"The Labyrinth of Temptation": Calvin on Genesis 22

"This chapter contains a most memorable narrative." Thus Calvin introduces his readers to Gen. 22, that text which records God's instruction to Abraham to sacrifice his son Isaac, the long-awaited fulfillment of God's promise and source of Abraham's profound joy.

Calvin's subsequent comments on this "narrative" are remarkable when considered against the backdrop of pre-Reformation reflection on the text in question. Given the rather astonishing divine imperative issued to Abraham in the text -- an imperative which, at least on the surface, appears to contradict God's own prohibition of murder as embodied in both natural and revealed law -- Gen. 22 had figured prominently in medieval debates about the relationship of God to good (and vice versa), the relationship between God's will and God's character vis-à-vis God's law, and so on. Showing noteworthy restraint, Calvin denies such medieval disputes so much as a nod when he meets God's commandment to Abraham in Gen. 22.2 to "take your son, your only son, whom you love -- Isaac -- and ... sacrifice him." Calvin chooses, rather, to focus on the extraordinary nature of the test Abraham is thus set, and the extraordinary nature of the faith Abraham subsequently evidences as he endures that test. All this, for Calvin, towards the end of establishing an example of patient faith and confidence in God's providence for believers today. Indeed, no chapter in Calvin's entire commentary on Genesis contains more frequent reference to the need "for every one of us to apply... to himself" the "example" of virtuous activity encountered in the biblical narrative.

Calvin identifies multiple layers to the test that Abraham, at God's initiative, is set in this text. At the most basic level, Abraham faces the loss of his son, and that by "a violent death," an abhorrent prospect to any good parent. But aggravating the pain of this prospect is the reality that Abraham has only recently lost his other son, Ishmael. Indeed, when God refers to Isaac as Abraham's "only son" (vs. 2) in this text, Calvin reckons that God purposefully "irritates the wound recently inflicted by the banishment of his other son." Abraham's divinely dictated course of action is made even more dreadful, of course, by the fact that Abraham himself is the intended author of the violence awaiting his remaining son. "It was sad for him to be deprived of his only son, sadder still that this one should be torn away by a violent death, but by far most grievous that he himself should be appointed as the executioner to slay him with his own hand."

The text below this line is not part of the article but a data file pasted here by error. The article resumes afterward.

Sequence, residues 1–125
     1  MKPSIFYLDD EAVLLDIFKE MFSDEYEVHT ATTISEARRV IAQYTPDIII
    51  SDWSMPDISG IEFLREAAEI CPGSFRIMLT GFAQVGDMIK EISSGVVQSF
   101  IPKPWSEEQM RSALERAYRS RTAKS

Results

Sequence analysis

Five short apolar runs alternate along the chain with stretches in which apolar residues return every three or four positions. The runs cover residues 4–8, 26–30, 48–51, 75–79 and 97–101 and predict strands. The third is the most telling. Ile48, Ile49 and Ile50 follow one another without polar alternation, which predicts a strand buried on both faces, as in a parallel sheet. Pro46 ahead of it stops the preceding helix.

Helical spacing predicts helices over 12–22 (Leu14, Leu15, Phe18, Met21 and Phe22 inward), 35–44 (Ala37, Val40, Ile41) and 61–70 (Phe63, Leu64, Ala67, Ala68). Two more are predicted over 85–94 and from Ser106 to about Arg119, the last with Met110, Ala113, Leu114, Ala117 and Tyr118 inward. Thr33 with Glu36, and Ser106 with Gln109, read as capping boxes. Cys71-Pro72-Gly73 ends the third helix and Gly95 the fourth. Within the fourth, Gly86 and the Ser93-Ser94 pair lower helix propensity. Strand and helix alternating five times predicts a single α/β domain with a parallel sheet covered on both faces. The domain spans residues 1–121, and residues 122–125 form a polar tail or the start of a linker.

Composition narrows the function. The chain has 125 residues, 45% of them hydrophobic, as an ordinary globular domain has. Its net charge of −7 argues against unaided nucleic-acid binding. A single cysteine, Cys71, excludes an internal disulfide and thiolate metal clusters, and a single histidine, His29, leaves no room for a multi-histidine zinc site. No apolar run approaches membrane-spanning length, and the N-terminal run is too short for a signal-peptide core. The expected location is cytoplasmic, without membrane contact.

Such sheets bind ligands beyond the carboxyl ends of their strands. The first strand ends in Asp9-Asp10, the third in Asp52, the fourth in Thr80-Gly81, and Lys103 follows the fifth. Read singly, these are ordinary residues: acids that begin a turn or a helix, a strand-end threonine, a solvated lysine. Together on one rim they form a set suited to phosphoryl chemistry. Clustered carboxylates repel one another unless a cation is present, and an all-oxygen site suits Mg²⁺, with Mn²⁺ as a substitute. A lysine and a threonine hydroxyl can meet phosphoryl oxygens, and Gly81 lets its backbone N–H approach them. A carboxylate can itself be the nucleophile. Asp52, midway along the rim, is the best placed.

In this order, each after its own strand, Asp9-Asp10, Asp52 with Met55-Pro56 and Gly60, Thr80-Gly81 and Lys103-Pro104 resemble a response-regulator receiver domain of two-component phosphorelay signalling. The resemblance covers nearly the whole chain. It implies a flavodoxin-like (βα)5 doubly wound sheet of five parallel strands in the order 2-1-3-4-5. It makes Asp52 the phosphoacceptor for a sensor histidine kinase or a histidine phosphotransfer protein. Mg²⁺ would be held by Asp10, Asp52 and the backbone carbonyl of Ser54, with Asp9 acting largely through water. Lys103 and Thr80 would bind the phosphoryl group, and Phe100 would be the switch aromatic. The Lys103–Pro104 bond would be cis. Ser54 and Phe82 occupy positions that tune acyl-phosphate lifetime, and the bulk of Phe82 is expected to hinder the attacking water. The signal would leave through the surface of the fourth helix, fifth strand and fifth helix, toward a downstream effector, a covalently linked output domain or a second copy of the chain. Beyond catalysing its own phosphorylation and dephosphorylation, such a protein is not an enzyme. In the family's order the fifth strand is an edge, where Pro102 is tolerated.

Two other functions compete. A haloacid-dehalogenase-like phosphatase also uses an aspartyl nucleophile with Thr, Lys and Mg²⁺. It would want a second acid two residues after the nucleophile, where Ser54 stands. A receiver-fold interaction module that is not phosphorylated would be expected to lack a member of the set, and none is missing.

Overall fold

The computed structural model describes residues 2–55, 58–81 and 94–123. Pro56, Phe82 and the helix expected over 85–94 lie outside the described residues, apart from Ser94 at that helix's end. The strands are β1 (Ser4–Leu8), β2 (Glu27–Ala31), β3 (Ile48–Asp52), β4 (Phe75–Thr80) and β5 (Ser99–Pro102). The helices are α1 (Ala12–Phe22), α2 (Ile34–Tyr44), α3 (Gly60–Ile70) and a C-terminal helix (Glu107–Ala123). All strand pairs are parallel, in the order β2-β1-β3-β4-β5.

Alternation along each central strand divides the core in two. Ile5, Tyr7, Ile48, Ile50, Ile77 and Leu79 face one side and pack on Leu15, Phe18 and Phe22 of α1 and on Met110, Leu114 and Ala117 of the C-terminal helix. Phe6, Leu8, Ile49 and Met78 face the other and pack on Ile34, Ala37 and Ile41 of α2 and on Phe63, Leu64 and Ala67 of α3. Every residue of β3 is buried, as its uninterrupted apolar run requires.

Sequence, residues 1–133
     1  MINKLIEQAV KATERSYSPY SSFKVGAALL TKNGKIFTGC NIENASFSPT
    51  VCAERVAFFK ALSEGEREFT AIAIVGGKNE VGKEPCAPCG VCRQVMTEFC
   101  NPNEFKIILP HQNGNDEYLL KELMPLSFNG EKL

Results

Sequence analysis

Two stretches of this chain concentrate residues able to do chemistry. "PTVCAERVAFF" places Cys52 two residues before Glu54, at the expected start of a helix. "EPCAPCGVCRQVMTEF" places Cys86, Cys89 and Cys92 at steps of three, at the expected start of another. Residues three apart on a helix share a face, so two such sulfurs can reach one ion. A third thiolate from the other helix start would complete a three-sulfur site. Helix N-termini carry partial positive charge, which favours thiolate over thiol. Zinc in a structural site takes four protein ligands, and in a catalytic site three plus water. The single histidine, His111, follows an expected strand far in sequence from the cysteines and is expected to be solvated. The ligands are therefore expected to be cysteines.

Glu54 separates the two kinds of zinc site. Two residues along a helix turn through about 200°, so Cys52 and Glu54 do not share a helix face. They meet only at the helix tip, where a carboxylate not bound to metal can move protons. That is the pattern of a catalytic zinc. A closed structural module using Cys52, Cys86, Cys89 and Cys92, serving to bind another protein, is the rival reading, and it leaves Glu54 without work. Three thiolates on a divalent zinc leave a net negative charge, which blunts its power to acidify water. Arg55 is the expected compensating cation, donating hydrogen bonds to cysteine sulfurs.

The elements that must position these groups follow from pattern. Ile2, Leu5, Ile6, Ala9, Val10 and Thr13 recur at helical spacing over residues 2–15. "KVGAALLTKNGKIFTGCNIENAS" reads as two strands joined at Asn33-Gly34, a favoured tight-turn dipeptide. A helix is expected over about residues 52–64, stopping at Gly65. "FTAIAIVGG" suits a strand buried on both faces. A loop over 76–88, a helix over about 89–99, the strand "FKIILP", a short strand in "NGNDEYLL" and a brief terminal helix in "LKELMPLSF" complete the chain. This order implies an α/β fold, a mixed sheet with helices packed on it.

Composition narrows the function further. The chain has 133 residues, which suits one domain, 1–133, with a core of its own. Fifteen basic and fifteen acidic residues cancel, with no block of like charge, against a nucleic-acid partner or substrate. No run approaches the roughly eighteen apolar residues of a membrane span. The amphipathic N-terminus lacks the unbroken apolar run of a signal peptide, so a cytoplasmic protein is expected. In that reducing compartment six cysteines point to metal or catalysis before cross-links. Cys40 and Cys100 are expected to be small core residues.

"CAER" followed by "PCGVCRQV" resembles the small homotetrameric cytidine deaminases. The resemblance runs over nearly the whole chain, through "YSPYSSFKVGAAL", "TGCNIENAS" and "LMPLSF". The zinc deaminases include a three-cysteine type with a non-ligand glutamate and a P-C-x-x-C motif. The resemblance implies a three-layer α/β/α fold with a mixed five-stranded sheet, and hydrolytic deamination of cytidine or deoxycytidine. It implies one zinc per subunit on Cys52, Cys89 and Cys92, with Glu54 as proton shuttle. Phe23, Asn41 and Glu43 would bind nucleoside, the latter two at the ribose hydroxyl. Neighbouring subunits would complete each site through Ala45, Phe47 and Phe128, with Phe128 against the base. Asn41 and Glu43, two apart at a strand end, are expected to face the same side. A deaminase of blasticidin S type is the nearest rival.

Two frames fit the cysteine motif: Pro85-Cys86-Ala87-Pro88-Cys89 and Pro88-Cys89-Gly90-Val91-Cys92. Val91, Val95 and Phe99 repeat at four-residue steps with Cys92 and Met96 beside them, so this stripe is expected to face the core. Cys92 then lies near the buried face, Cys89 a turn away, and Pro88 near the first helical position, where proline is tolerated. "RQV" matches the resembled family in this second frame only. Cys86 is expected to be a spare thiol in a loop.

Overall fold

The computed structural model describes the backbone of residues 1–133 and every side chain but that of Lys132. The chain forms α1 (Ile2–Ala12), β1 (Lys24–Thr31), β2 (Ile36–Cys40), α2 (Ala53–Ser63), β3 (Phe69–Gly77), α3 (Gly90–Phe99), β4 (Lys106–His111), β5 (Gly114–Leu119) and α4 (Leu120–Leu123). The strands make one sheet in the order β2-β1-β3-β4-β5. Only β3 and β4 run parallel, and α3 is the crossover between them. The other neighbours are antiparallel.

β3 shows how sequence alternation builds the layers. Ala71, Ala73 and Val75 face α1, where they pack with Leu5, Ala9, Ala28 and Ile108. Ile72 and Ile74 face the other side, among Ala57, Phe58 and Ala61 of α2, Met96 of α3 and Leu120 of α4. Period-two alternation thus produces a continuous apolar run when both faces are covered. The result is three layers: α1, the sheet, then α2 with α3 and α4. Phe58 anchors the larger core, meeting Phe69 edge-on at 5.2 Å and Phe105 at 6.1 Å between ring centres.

Calvin judges the ingredients of Abraham's agony mentioned thus far rather trivial -- or in his words "mere play, or shadows of conflict" -- in comparison to two further, more critical components of Abraham's distress. There is, first of all, the reality that Isaac embodies God's promise of redemption to the world. Thus God's command to "slay him" must have seemed to Abraham a requirement "not only to throw aside, but to cut in pieces, or cast into the fire, the charter of his [own] salvation, and to have nothing left for himself but death and hell." Abraham is essentially ordered to assume the role of humankind's salvation slayer.

But most painful of all the to Patriarch in Calvin's estimation was that God's commandment to slay Isaac seemed so obviously at odds with God's promise of redemption through Isaac, and thus raised questions for Abraham about the character and intention of God Himself. This, Calvin judges, is what ultimately constitutes the core of the "labyrinth of temptation" in which Abraham finds himself. "God, in a certain sense, assumes a double character, that, by the appearance of disagreement and repugnance in which He presents Himself in his word, He may distract and wound the breast of the holy man.... It was difficult and painful to Abraham to forget that he was a father... by becoming the executioner of his son. But [this] was a far more severe and horrible thing; namely, that he conceives God to contradict Himself and His own word." In sum, Abraham faced not only the loss of his own son and his salvation, but also the God whom he had come to trust and love over the course of the preceding decades. That God now threatened to prove an adversary, if not a capricious monster.